a. GENEVA BASIN - Chester, from Gunsmoke (AKA Chester Bullock from
Prescott - rhymes with "biscuit" -, AZ), has some first-hand input on
the "new triple chair", supposedly added at Geneva in 1985. First, to
provide perspective, we will REPEAT our entry for Geneva Basin
(originally posted in LOST - 2, back in August, 92).
 

GENEVA BASIN (Grant), [temporarily closed], Located off US 285, 8
miles north of Grant, near the summit of Guanella Pass. Last operated
for the 1983/84 season as ALPENBACH (was originally called INDIANHEAD
from 1962 to 1965). Supposedly the lifts and lodge were upgraded in
1985 (a new triple chair), but the area did not open for the 1985/86
season and has not operated since. Note that the last owner just
walked away from the area, so the improvements, e.g., lifts and
buildings, now belong to the U.S. Forest Service. The USFS says that
they want an operational commitment or the "improvements" will be
removed by summer 1993. Two potential buyers made proposals to the
USFS in 1992, but nothing happened. [PRIVATE PROPERTY] Stats:

Vertical drop: 1250 ft Top: 11,750 Base: 10,500
Lifts: 2 double chairs, 2 Pomas (possibly a triple chair)
 

Chester was a member of the local Platte Canyon HS ski team which had
an opportunity to pack snow and receive a season's ski pass in return.
While he was up there one weekend, they were installing the new lift
towers (for the triple) with a helicopter. It was very impressive.
Alas, the cable never made it onto the pulleys, and the bullwheel at
the lower station never made it's way off the ground. The ski area
did not open, and the facilities became property of the Forest
Service. Sadly, it looks like Geneva will never open again. :(
[Chester, formerly of Bailey, CO]
 

b. YMCA OF THE ROCKIES - In the last issue (while discussing the
tubing hill in Fraser) we asked why the State of Colorado map calls
the cross country facility north of Fraser "YMCA of the Rockies" but
John Cooley calls it "Snow Mountain Ranch". Thanx to John and George
for this clarification. "YMCA of the Rockies" owns two facilities:
The one near Fraser is called "Snow Mountain Ranch" and the other,
south of Estes Park, is called "Estes Park Center".
 

c. LAKE CITY - This ski area, once called WINTER WONDERLAND, is a
small area just south of Lake City which we covered in "LOST - 6" and
also visited, last September. We just ran across an article on the
area which clarifies a few points. The area was started by the town
in 1966 with an old Poma lift from A-Basin installed on a small slope
with 287 feet of vertical. The slope was mostly used by local town
youth. Things were fine for many years until 1986, when the Colorado
Tramway Board's new regulations required safety features that the town
couldn't afford. So the lift and the ski area shut down.

In 1989, during a visit to Lake City, Colorado Governor Romer was
asked to relax the rules. He said he couldn't do that but would get
help. Soon, representatives from Breckenridge, Keystone, Vail, Royal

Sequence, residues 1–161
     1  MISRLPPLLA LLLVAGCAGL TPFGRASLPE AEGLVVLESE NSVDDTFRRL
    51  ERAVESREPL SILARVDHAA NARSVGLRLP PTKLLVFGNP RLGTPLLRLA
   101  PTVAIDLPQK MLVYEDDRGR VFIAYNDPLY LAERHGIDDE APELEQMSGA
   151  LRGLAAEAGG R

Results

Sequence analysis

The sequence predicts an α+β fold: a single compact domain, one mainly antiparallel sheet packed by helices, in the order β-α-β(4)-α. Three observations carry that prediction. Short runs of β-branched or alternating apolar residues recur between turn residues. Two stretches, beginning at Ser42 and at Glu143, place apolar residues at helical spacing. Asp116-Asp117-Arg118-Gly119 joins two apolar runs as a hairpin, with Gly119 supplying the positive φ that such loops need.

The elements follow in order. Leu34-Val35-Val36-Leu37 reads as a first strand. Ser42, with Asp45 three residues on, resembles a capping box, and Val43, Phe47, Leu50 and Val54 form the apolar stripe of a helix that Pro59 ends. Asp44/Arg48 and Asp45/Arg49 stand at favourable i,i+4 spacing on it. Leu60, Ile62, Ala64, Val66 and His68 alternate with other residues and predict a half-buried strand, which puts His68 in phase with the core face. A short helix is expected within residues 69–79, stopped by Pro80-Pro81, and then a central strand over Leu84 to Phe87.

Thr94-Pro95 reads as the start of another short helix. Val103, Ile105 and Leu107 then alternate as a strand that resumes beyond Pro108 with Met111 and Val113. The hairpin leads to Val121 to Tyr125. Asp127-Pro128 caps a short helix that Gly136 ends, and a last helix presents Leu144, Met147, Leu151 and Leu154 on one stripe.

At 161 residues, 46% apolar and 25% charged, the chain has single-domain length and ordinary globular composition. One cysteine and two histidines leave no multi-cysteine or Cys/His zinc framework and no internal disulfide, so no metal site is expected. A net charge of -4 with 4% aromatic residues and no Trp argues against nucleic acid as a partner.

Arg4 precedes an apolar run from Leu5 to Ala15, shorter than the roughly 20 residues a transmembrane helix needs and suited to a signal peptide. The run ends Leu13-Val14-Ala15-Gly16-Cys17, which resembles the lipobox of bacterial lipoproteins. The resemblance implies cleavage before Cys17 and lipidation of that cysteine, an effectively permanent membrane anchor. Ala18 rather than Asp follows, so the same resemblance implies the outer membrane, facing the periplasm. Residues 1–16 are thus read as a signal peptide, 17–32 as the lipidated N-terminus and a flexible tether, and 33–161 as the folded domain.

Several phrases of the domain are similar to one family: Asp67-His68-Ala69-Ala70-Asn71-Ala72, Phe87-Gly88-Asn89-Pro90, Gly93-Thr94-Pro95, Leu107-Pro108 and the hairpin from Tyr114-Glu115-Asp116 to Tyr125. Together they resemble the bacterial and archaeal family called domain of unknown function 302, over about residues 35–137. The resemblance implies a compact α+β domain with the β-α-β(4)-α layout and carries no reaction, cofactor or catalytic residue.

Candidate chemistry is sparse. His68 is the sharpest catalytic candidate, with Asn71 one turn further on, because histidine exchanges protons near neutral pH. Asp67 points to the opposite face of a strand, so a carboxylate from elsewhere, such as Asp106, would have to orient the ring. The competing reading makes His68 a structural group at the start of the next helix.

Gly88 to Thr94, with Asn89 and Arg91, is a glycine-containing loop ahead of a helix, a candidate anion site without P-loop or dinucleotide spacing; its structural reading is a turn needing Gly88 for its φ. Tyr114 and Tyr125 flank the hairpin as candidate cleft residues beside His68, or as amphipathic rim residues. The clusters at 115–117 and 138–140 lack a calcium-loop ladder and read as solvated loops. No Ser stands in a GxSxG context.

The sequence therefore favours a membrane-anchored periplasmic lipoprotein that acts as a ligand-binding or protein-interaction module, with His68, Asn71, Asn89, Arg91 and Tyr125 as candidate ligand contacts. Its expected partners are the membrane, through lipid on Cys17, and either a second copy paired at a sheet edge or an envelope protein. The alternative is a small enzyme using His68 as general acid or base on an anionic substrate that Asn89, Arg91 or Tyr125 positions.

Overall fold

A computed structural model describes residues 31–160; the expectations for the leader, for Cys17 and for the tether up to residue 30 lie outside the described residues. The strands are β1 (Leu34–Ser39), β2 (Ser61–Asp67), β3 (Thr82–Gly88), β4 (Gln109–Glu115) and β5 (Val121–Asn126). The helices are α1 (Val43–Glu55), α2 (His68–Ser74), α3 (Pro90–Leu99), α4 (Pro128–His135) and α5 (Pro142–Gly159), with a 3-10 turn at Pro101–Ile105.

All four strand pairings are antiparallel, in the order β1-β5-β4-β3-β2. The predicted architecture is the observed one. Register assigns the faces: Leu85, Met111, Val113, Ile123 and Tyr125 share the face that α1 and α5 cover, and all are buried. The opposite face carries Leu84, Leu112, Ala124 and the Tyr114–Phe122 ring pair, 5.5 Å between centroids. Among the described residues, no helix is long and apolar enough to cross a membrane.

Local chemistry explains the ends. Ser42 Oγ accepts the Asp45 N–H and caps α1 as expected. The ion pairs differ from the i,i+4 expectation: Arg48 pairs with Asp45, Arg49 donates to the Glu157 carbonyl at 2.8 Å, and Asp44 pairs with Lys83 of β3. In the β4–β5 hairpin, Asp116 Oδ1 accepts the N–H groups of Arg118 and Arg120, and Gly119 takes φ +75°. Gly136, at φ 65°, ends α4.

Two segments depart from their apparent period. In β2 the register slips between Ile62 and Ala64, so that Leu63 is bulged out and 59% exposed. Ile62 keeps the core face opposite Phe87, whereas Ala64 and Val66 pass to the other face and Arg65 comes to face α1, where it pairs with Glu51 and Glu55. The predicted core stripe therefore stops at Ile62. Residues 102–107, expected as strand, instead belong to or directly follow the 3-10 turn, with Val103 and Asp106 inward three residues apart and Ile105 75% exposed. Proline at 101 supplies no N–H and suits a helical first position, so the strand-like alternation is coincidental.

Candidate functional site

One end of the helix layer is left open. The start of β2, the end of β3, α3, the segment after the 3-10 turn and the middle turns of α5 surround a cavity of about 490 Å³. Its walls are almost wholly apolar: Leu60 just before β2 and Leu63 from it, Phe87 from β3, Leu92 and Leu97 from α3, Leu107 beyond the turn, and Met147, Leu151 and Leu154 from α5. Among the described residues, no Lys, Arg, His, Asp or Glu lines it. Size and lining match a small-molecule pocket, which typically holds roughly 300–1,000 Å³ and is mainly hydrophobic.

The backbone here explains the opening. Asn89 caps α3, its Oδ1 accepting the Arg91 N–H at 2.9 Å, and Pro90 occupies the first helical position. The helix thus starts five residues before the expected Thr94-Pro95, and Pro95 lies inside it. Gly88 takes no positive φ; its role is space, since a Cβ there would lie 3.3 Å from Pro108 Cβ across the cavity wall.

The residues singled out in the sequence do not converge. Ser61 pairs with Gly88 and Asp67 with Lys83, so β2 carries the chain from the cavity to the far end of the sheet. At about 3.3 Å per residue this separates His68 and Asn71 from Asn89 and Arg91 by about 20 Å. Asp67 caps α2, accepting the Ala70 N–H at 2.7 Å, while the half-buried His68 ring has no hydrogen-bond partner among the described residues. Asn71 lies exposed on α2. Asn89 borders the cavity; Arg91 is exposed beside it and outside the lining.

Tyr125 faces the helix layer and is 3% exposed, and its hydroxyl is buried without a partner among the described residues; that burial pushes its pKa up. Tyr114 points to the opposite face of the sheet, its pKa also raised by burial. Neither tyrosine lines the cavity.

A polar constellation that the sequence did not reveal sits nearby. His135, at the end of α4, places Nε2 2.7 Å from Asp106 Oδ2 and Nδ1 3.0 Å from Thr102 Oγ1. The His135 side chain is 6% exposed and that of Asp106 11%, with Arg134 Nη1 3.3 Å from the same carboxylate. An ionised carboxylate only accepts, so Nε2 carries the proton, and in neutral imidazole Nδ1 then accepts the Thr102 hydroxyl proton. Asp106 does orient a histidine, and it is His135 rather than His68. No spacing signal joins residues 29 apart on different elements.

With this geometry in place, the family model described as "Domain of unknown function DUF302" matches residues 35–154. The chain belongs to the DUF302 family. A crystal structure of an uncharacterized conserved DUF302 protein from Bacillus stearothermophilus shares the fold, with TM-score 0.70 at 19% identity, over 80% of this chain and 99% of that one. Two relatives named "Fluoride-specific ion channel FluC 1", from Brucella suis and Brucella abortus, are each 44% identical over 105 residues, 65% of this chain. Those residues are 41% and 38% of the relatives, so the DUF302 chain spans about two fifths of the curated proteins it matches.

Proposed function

Gorge Bridge Company, and Poma of America came with parts and
expertise and got the lift up to code. (An estimated $20,000 worth of
parts and labor were donated.) The lift was certified and has been
operating since 1989. The stats:

Vertical drop: 287 ft Top: 8987 Base: 8700
Lifts: 1 Poma
 

d. BERTHOUD PASS - A stirring in the grave. You may recall that the
owner of record didn't pass the Colorado Tramway Board safety
inspection in 1991 and the area did not open for the 1991/92 season.
Then the area was put up for sale. In 1992, Jim Pearsall, a financier
and manufacturer from New Jersey, made an offer to Berthoud Pass Ski
Corp. and applied to the USFS for an operating permit. The
application was denied as the Forest Service said: "It did not
display the technical expertise and financial feasibility (?) we were
looking for."

In the Fall, the area creditors claimed the lift equipment and the
chairlifts were partially dismantled, as reported by two of our field
agents (the lifts are still at the area, however). Now, in April, Mr.
Pearsall has applied to the USFS again and has made an offer to the
creditors for the lift equipment. The Forest Service is skeptical.
They do not believe that BERTHOUD is a viable ski area. Stay tuned.
[Update: The ski area finally reopened in January 1998.]

 


4. RESURRECTION - Two ski areas previously on our "lost" list have
come back from the dead, at least temporarily. Here are their
stories.

CUCHARA VALLEY - Originally opened in 1981 under the name PANADERO.
Closed in 1989. Was re-opened by a new owner for the 1992/93 season.
They opened on 10 December and closed on 4 April. The highest base
depth was 68 inches on 4 March. Nothing negative in the press. We
don't have their body count yet, but we have to assume that CUCHARA
has survived it's rebirth. [Update: Since then, the area closed, re-
opened with a new owner, closed again, and finally re-opened with
still another owner and has stayed open for a few years.]
 

MOUNTAIN CLIFFE - (not such good news, here) Opened in 1977 using the
name CONQUISTADOR. Closed in 1988. Re-opened with a new name and new